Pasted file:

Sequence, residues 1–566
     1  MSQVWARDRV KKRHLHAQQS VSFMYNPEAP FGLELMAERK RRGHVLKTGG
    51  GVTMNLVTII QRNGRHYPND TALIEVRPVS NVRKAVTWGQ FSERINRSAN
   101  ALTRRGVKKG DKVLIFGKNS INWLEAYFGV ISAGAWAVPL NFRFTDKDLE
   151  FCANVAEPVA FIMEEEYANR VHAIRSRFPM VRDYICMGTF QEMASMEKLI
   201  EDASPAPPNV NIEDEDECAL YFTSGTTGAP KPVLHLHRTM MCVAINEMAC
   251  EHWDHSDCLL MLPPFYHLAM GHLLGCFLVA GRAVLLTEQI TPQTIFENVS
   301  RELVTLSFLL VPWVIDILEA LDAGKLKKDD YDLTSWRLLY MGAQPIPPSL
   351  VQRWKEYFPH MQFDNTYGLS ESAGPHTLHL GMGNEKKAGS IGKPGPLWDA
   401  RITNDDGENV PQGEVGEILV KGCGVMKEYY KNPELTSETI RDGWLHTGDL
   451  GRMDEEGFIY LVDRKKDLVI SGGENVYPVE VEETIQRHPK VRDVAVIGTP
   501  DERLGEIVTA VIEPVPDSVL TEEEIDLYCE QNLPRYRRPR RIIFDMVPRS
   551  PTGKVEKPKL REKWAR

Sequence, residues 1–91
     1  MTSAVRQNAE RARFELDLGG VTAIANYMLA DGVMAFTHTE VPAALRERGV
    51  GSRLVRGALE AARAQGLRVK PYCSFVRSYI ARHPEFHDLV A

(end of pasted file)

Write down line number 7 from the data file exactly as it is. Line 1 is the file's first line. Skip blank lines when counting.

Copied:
   251  EHWDHSDCLL MLPPFYHLAM GHLLGCFLVA GRAVLLTEQI TPQTIFENVS